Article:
For years, my breakfast routine consisted of two items: coffee and oatmeal. I ate oatmeal nearly every day and after time, I became bored. I like routine but I also crave a bit of change. I found my cravings tended towards savory. And so, toast became my norm. This romesco toast is about as close to an avocado toast recipe as I’ll get on the site (which is to say, not super close). I’m obsessed with romesco sauce and I don’t use the word obsessed lightly. The perfect balance of smoked paprika, vinegar, nuts, and roasted red pepper has me using romesco on everything.
This particular toast is a hybrid of a few things I make. It’s a bit open-face grilled cheese sandwich meets fried egg. Occasionally I’ll add greens but for the most part I make it as written. Add a cup of coffee and this is my ideal breakfast!
Read more and see the recipe.
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Post sponsored by The American Pecan Council. See below for more details.
I am a morning person. I think there is nothing better than getting up early, making a cup of coffee, and enjoying the cool morning air. It’s my best time of day. It stands to reason, then, that I also love breakfast. This breakfast bowl my idea of a perfect start. It’s packed full of protein and good fats along with one of my favorite summer treats: roasted tomatoes!
However, I think the best part of this recipe is the za’atar pecans. I love using pecans in a savory way because they lend a natural sweet and buttery flavor to the overall recipe- a perfect compliment for the sumac and thyme in the za’atar! Best of all, the pecans add the right amount of crunchy texture to this breakfast bowl. I love keeping a stash of roasted nuts on hand and pecans are packed full of good monounsaturated fat and dietary fiber. A perfect afternoon snack or happy hour addition!
One quick note: watch your pecan storage! All that good oil means pecans are a bit more susceptible to spoiling when stored at room temperature. I keep a stash in my freezer and thaw only what I need. You can store pecans in the refrigerator for up to nine months or up to two years in the freezer (granted, mine are usually gone within a month!) Read more and see the recipe.
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Disclosure: This post was made in partnership with the US Highbush Blueberry Council. Thank you for supporting the growth of Food Heaven! Oh, smoothie bowls. These breakfast delights have made a big impression on the interwebs as of late. Not a day goes by where I don’t see a smoothie bowl recipe on our instagram feed. […]
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I am a midwesterner through and through. I love my adopted home state of California but a piece of me will always be in Illinois. I still occasionally long for those slow summer days at my parent’s house on a the lake or those mornings waking up to snow on the ground. I miss the feeling of the first day that feels like spring and there are still times that the feeling of having so much fresh produce year-round feels odd. We’ve chatted about moving back but for now, I’m a transplant living in the golden state. All of this made me so excited to see Shelly’s beautiful new book, Vegetarian Heartland.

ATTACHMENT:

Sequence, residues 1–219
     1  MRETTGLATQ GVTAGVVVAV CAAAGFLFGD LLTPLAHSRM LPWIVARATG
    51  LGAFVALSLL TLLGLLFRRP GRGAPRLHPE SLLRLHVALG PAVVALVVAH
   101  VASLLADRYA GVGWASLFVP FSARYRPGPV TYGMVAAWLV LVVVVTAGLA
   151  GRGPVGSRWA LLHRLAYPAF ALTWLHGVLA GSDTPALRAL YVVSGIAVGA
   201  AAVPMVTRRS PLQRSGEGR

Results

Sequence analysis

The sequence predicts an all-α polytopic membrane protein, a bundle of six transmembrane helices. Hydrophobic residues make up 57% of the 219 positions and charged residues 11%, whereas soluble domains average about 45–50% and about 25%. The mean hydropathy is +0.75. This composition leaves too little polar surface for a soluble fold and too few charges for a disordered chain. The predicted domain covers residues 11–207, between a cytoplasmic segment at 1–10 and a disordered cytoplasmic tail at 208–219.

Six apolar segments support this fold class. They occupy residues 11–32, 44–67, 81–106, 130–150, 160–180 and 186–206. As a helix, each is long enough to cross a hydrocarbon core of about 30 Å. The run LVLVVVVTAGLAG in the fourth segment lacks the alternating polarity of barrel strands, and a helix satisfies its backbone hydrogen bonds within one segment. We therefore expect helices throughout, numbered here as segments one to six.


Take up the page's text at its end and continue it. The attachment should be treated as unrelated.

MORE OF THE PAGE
These wild rice veggie sliders are a recipe from her book. Shelly’s book is filled with photographs that capture the Midwest in all the most wonderful ways with recipes that do the same. The recipes are the perfect mix of traditional fare with the fresh flavors one expects from vegetarian recipes. I’m excited to have this book of my shelf for all those times I long for home. Read more and see the recipe.
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A few times a year, usually in summer, I come across a photo of what looks like the perfect BLT sandwich. Hearty, vibrant heirloom tomatoes, succulent lettuce, crisped bacon, and a ribbon of mayo peeking out from perfectly toasted bread. It looks incredible. The trouble is, I don’t eat bacon. So, I typically craft a sandwich that attempts to tick many of the same boxes, something along the lines of this sandwich (9 years ago!). Recipes evolve, and I thought I’d share the updated version I’ve been making lately – very similar concept adding a blend of coconut “bacon”, and crumbled tempeh seasoned and baked alongside the coconut. You can make a large batch of this, and keep it in the freezer, for quick use. All in all, it’s a legit alternative sandwich for your vegetarian and vegan friends, or just anyone interested in plant-based meals.
For a long time vegetarians and vegans tended to use tempeh in place of bacon, turning their BLTs (bacon-lettuce-tomato) into TLTs (tempeh-lettuce-tomato). But the shift in recent years tends to be toward coconut “bacon” – it crisps up better than tempeh slabs, is high in fat (so it really takes in any smoke flavors whether topically applied or actually smoked), and coconut is easy to source. Everyone loves coconut, while lots of people are still confused and generally apprehensive about tempeh. But I love tempeh, as a stand-alone ingredient for its flavor and texture, and also for its nutritional profile. So I make my coconut “bacon” and add a good amount of crumbled tempeh – a 50/50-ish mix. In my head the tempeh acts as bacon-y bits. The tempeh adds substance to the sandwich, and keeps you full longer.